Leadership

PRACTICAL HYDRAULICS FOR FIREMEN

Issue 9 and Volume 62.

PRACTICAL HYDRAULICS FOR FIREMEN Examples of Friction Loss—Continued. Example 3. The tank above the standpipe in a building is empty. What pressure will be required at the engine to give a pressure of 50 pounds at the nozzle on a 100-foot line of 2 1/2-inch hose leading from the standpipe 200 feet above the street? The standpipe is 6 inches in diameter, and is fed by two 200-foot lines of 3-inch hose direct from the engine. The nozzle is 1 1/4 inches in diameter. Solution: See Figure 32. First find the length of 2 1/2-inch hose equivalent to the given layout. The friction factor for two lines of 3-inch hose of equal length is 9.35; for the 6-inch standpipe it is 52. The siamesed lines of 3-inch hose=200/9.32=21.5 feet of 2 1/2inch hose. The 200 feet of 5-inch standpipe=200/52=4 feet of 2 1/2-inch hose. The total equivalent of the layout…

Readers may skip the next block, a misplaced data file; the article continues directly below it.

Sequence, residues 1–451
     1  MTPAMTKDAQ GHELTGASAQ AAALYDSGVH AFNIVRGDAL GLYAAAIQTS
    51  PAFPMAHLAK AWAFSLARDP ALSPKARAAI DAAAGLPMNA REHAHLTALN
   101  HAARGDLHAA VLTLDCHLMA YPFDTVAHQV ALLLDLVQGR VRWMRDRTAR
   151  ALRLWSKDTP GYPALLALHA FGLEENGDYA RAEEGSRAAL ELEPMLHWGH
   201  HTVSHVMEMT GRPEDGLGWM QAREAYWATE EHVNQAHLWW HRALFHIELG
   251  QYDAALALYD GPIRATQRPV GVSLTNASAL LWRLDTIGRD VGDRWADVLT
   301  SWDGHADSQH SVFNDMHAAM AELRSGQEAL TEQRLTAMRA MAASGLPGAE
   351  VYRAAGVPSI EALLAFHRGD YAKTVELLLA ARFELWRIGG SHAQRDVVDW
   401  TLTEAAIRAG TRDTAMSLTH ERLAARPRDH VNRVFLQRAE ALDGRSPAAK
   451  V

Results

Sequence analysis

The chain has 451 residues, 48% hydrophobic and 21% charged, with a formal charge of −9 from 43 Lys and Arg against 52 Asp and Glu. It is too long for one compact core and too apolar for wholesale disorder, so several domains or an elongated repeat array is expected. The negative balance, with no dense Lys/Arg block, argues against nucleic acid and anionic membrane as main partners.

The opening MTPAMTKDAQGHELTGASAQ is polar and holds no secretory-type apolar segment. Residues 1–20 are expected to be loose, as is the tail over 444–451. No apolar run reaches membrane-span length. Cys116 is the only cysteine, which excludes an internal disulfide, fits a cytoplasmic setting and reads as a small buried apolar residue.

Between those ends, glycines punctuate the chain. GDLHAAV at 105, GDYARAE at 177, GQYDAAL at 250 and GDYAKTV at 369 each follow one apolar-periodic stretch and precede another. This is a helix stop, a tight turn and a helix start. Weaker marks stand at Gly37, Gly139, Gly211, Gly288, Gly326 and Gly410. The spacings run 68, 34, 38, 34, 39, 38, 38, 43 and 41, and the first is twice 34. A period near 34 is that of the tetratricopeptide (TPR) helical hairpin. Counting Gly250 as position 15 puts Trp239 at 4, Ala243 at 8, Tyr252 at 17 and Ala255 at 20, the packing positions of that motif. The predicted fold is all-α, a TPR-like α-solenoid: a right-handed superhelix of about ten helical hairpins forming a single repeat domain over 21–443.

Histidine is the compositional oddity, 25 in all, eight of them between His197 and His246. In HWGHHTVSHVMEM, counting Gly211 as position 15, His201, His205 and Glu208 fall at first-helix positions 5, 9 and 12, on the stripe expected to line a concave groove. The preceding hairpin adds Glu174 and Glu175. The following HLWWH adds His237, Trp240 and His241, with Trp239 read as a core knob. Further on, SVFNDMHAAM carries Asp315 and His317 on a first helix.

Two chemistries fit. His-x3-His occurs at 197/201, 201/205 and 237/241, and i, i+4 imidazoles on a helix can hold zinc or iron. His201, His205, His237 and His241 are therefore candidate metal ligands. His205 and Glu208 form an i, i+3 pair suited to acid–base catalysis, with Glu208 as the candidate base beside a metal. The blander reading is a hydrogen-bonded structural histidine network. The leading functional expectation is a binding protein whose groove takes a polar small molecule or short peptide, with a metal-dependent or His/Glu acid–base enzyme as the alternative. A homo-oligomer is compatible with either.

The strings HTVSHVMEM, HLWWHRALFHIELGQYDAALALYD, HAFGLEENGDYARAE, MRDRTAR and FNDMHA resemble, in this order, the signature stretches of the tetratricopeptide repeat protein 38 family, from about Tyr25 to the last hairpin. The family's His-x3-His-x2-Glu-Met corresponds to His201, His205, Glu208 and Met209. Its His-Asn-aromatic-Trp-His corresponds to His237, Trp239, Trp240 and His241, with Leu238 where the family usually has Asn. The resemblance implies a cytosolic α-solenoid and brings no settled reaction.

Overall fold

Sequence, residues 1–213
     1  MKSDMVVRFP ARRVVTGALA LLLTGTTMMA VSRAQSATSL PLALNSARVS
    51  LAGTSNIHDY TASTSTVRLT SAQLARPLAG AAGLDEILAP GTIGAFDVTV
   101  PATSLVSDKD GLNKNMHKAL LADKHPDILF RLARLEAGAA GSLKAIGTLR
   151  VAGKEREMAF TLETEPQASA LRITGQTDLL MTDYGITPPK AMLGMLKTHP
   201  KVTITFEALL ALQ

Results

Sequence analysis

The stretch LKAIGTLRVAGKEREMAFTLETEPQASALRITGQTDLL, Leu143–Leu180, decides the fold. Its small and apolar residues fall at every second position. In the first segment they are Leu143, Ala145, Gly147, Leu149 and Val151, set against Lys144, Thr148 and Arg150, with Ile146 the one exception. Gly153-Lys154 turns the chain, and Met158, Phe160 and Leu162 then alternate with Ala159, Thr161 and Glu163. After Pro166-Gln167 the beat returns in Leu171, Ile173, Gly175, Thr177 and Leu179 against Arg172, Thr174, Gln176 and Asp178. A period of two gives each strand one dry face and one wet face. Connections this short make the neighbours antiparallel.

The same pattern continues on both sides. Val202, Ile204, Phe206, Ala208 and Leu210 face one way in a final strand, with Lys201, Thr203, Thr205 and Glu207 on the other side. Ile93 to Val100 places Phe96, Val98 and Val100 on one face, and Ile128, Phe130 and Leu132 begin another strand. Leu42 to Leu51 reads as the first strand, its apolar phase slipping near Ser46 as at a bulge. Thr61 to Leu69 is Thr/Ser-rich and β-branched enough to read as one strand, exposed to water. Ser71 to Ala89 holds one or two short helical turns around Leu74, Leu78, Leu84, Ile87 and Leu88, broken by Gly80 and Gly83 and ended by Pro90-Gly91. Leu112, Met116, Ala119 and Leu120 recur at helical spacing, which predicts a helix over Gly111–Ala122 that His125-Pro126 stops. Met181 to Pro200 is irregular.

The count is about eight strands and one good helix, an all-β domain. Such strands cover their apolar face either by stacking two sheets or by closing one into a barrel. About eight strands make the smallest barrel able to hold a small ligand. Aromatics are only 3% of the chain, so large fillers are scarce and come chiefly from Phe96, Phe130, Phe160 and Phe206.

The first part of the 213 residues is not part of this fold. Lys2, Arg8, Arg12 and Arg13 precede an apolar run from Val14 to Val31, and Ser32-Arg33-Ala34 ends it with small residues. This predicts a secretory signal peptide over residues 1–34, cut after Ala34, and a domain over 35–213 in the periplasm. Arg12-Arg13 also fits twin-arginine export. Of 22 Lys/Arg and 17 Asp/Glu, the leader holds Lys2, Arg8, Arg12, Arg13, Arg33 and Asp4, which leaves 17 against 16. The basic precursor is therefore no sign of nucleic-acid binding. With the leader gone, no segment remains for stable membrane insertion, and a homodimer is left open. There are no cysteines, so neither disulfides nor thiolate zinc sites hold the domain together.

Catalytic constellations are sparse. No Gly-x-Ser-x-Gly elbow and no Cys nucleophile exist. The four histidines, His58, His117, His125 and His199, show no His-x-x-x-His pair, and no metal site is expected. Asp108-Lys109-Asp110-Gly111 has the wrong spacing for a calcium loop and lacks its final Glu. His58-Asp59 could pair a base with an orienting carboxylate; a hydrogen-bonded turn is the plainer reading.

Subscribe to unlock this content

Subscribe Now